Shocking Documents Surfaces At Eagles Stolen Lyric Trial

Shocking Documents Surfaces At Eagles Stolen Lyric Trial | I Love Classic Rock Videos

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Recently unearthed documents from an ongoing trial shed new light on a notorious incident from 1980 involving Don Henley, where he was arrested following a teenager’s overdose at his residence. Henley contends that the overdose occurred during a farewell gathering attended by crew members as the band embarked on an extended hiatus post-’70s.

Henley’s Defense and Conflicting Narratives

Although charged with providing cocaine to a minor, he asserts taking the blame to shield others. Additionally, he adamantly denies any sexual involvement with the teenager.

“There were roadies and guys in my house – we were having a farewell to the Eagles,” during a 1991 interview with GQ magazine, Henley recounted the events. “I got all of them out of the house; I took complete blame for everything. I was stupid; I could have flushed ev­erything down the toilet. I didn’t want this girl dying in my house. I wanted to get her medical at­tention. I did what I thought was best, and I paid the price.”

In a surprising twist, a letter authored by Henley to a Santa Monica probation officer, recently submitted as evidence in an unrelated ongoing trial, presents a starkly contrasting narrative.

Contrary to previous accounts of a party setting, Henley’s letter depicts a solitary and despondent scenario. He reveals contacting an escort service while in a state of depression and solitude. Subsequently, a young woman arrived at his doorstep, and they engaged in cocaine use while acquainting themselves.

“She told me that she was only a temporary call-girl until she paid off a $2,000 cocaine debt in San Diego,” In his statement, Henley reveals that the woman he was with later confessed to consuming additional cocaine “every time I got up to get her a drink or went to the toilet.”


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Henley’s Account and Legal Consequences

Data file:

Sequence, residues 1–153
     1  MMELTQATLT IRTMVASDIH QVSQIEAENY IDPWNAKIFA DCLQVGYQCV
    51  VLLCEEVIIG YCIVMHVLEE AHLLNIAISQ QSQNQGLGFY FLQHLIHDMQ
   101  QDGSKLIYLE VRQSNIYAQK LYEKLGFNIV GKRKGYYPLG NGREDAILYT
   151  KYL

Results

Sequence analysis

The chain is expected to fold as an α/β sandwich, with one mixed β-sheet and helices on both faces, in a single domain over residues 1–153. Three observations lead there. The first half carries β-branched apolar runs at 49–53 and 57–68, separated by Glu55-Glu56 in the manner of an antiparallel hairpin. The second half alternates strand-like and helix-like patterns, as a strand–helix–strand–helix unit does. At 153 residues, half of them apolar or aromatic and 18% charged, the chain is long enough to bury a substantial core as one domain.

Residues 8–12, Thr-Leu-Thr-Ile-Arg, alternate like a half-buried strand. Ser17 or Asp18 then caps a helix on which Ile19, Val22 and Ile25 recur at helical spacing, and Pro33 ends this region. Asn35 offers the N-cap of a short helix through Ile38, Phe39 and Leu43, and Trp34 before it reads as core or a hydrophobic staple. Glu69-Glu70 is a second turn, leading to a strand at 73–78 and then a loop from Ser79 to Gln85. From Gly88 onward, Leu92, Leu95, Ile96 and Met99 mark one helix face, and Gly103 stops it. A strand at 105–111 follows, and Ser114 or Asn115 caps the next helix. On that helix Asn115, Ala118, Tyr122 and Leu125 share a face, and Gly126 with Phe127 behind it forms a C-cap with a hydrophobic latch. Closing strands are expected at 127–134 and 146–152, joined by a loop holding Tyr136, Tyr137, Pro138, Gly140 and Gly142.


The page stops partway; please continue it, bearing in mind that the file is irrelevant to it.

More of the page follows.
According to the letter, Henley acknowledges attempting to initiate sexual activity with the teenager before she expressed feeling unwell. He recounts being in the bathroom fetching aspirin for her when she suddenly experienced a seizure.

Henley recounts calling for assistance, but by the time paramedics arrived, the teenager seemed to have improved. He states that they departed after he assured them he would ensure her safe return home. Subsequently, he contacted a friend to arrange transportation for her. However, just as the friend arrived, officers from the Los Angeles Police Department’s Sexually Exploited Child Unit appeared on the morning of November 24, 1980.

According to news reports, investigators seized 22 grams of cocaine, five ounces of marijuana, as well as Quaaludes and other substances. The 16-year-old escort, reportedly found unclothed, faced charges of prostitution, while her 15-year-old companion was arrested for drug intoxication.

At the time, in his early 30s, Henley opted to plead no contest to a misdemeanor charge of contributing to the delinquency of a minor. He was subsequently sentenced to two years of probation and ordered to pay a $2,500 fine.


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Henley’s Legacy and Legal Challenges

In that era, there seemed to be minimal concern about how the incident would impact Henley’s career. “It’s no big deal,” a record-label executive nonchalantly remarked to the Los Angeles Times. “Kids don’t exactly put rock stars on a pedestal these days.” And true to expectations, that’s exactly how things played out.

Henley’s portrayal of himself as a sympathetic figure caught in an unfortunate situation became a part of Eagles folklore. He even channeled his frustration with media coverage into his debut solo radio hit. Eventually, the entire episode slipped into the past.

Yet, a recent trial concerning allegedly stolen lyric sheets from the Hotel California era has reignited interest in the past. Attorneys for Edward Kosinski, one of the defendants, sought to introduce Henley’s letter into evidence and probe him about his public statements regarding the incident.

Manhattan Assistant District Attorney Aaron Ginandes argued for its exclusion, citing the dated nature and prejudicial impact of Henley’s 1980 misdemeanor conviction.

“Mr. Henley has a 1980 misdemeanor conviction and given the length of time, how long ago that was, and the fact that that misdemeanor conviction has – the nature of it is quite prejudicial and it has absolutely no probative value.”

However, Judge Curtis Farber ruled otherwise, allowing the letter to be admitted as evidence. This decision will enable the defense to challenge Henley’s credibility during the trial, with Henley expected to testify during breaks in the Eagles’ tour schedule.